CO2 Capture using Chemical-Looping Combustion – Operational Experience with Gaseous and Solid Fuels
Doctoral thesis, 2011
CO2 capture and storage has been proposed as an alternative to mitigate global warming. Chemical-looping combustion (CLC) is an unmixed combustion concept where fuel and combustion air are kept separate by means of an oxygen carrier, and the CO2 capture is inherently achieved. The work in this thesis focuses on the experimental evaluation of different oxygen carriers and fuels in three CLC reactors. These continuous units are based on interconnected fluidized-bed technology and feature a fuel reactor (FR) and an air reactor (AR) as the principal reaction chambers. Fuel is oxidized to CO2 and H2O in the FR with oxygen supplied by the oxygen carrier, which is based on metal oxide. Oxygen-carrier particles are then re-oxidized in the AR.
A 10 kW chemical-looping combustor for gaseous fuels was used to evaluate the long-term performance of different Ni-based oxygen carriers. The most important findings concern particles prepared by spray-drying, which were subjected to more than 1000 h of operation with natural gas as fuel. Fuel conversion was high, and increased with (a) decreased circulation, and (b) increased fuel-reactor temperature. Combustion efficiency close to 99% was accomplished using these spray-dried particles. At the end of the test series, the continuous loss of fine material was 0.003%/h, which corresponds to a particle life time of 33000 h. Experiments in a 300 W chemical-looping combustor for gaseous fuels investigate the possibility to optimize the methane conversion – while retaining the oxygen-transport capacity – by mixing different NiO-based oxygen carriers. The study confirmed that such optimization is indeed feasible.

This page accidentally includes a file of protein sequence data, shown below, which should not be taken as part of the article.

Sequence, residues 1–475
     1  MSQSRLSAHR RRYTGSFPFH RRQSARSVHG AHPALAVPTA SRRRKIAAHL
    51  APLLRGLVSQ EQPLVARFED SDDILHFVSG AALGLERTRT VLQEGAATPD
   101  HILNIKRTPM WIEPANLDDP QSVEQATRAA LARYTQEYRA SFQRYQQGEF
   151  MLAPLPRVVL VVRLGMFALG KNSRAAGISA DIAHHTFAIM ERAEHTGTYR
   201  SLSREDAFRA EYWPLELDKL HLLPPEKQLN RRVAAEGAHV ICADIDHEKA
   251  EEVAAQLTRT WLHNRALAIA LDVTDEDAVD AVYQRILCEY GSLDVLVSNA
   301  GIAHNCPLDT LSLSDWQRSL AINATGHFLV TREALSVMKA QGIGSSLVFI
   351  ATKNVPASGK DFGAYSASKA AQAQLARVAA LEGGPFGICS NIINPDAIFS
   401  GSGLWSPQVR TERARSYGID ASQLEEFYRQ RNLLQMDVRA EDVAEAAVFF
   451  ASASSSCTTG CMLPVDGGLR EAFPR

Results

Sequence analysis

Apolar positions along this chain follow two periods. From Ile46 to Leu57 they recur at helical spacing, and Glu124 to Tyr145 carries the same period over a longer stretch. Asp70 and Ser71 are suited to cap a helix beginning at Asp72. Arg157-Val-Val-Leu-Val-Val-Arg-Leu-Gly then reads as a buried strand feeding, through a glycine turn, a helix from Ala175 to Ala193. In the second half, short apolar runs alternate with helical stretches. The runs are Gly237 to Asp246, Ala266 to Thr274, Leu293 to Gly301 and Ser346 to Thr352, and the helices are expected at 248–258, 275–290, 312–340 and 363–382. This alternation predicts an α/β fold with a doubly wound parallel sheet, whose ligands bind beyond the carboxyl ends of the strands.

A 10 kW CLC unit designed for solid fuels was used for both continuous and batch tests. In the continuous tests, three oxygen carriers were used; (a) ilmenite, an iron-titanium mineral, (b) ilmenite in combination with limestone, and (c) manganese ore. Generally, longer residence time of the fuel and increased temperature in the FR had a beneficial effect on gasification. Compared to ilmenite, the use of ilmenite+limestone as oxygen carrier improved gas conversion as well as the rate of char gasification. It was shown that this result was due to the effect of limestone on the water-gas shift equilibrium. In another study, in-bed fuel feed was found to significantly improve gas conversion, mainly caused by increased contact between the oxygen carrier and volatile gases produced in the fuel chute. The use of a manganese ore as oxygen carrier greatly enhanced the rate of gasification. Furthermore, gas conversion also improved using the manganese ore. A concern with the manganese ore is the large production of fines. The batch tests in the 10 kW unit involved the feeding of five fuels to the FR in batches of 20-25 g at four temperatures, using ilmenite as oxygen carrier. By using devolatilized fuel, it was possible to determine (a) oxygen demand associated with syngas from char gasification as well as (b) kinetics of gasification. The minimum oxygen demand for char was found to be around 5%.
chemical-looping combustion (CLC)
interconnected fluidized beds